The Pink Panther Cartoon Collection Volume 2 is available on Blu-ray and DVD from Kino Lorber. The whole set has a runtime of two hours, eight minutes.

“Star Of The Month (July 2021)” Featuring James Cagney in… Man Of A Thousand Faces (1957)

As we continue on with our Star Of The Month celebration for James Cagney, we’ve got his 1957 film Man Of A Thousand Faces!

Coming Up Shorts! with… Pink Panic (1967)

(available on Blu-ray and DVD as part of The Pink Panther Cartoon Collection: Volume 2 (1966-1968) from Kino Lorber)

(Length: 6 minutes, 1 second)

Coming out of a storm, the Pink Panther tries to spend the night at a haunted hotel in a ghost town. This one is a fun Halloween-type cartoon, as the Panther tries to deal with a ghostly sheet and a skeleton. The fun at first stems from the Panther not realizing the sheet is a ghost (and the various things he does to it in the process), before the ghostly shenanigans come through. I know I enjoy it all the way through, and it’s definitely a fun one to revisit here and there!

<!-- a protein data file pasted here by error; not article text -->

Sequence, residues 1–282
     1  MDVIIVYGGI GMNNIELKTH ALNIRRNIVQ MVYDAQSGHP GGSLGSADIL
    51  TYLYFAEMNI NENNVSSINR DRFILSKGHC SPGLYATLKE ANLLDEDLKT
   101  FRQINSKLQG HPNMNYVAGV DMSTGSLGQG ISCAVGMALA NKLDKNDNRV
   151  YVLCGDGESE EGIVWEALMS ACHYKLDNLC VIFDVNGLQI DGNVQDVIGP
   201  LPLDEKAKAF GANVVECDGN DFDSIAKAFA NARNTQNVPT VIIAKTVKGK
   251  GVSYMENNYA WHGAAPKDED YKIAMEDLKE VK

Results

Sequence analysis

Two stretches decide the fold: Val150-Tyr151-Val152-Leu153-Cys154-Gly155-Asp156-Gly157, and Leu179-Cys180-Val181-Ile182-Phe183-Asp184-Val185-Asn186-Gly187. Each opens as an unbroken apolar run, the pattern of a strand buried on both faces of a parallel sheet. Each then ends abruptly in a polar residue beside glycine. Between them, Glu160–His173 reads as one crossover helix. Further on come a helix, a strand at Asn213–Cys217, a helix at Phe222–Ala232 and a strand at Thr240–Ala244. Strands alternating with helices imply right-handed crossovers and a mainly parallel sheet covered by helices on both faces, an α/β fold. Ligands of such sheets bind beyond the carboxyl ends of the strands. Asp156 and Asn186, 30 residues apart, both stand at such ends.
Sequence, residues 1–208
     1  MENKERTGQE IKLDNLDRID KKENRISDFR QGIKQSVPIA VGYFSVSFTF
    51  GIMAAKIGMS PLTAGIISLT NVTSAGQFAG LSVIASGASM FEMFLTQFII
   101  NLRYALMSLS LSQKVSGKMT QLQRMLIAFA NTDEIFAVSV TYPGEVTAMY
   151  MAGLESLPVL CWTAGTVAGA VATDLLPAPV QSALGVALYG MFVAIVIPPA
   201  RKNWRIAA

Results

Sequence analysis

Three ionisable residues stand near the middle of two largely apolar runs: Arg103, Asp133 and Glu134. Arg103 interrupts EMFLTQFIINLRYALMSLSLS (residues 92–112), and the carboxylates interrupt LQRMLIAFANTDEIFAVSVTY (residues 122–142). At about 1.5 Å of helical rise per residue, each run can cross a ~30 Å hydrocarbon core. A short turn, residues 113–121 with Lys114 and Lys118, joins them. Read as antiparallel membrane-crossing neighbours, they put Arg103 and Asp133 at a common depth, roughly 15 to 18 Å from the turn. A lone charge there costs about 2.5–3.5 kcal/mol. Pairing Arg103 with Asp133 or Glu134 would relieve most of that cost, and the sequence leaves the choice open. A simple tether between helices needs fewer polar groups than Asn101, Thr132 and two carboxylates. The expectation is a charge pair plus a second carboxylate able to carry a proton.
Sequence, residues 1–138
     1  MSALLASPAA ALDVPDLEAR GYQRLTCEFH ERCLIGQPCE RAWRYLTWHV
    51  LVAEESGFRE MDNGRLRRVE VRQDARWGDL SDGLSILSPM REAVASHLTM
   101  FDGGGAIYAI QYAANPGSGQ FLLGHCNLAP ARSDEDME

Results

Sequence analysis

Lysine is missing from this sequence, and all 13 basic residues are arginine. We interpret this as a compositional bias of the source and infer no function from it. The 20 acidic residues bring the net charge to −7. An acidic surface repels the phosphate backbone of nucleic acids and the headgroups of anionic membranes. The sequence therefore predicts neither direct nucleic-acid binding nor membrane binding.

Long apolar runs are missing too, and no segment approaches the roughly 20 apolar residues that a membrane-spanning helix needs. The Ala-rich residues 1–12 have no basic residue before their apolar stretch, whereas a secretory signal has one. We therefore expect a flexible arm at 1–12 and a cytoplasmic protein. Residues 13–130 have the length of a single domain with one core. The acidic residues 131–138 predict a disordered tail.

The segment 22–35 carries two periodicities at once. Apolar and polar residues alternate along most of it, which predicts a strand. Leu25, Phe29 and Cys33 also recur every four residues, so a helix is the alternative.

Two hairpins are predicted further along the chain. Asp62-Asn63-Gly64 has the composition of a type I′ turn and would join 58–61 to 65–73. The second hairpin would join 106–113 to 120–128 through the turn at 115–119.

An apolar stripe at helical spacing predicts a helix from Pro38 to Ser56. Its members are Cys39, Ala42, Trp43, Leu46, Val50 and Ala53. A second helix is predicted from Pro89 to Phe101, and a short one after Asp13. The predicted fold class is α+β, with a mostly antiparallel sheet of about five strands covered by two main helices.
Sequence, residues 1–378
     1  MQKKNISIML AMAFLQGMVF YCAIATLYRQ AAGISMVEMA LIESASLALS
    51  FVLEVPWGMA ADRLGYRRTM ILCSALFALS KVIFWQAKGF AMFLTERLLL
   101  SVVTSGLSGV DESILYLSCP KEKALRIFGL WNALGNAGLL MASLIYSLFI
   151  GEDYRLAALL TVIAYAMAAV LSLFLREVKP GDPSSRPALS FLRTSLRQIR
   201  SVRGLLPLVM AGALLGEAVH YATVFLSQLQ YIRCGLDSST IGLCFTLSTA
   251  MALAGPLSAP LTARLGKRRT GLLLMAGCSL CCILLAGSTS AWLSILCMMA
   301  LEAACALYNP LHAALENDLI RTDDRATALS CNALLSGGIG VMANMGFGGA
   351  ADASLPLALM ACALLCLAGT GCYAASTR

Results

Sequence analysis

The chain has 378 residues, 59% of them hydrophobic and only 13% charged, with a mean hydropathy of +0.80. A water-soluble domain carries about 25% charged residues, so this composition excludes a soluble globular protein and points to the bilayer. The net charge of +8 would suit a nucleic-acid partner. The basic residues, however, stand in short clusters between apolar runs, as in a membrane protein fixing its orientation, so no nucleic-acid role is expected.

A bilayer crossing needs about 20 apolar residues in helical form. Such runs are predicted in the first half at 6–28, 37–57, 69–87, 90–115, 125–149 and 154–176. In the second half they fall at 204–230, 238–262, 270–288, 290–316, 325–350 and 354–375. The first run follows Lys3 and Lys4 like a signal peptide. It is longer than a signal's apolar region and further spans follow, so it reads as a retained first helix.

And Now For The Main Feature…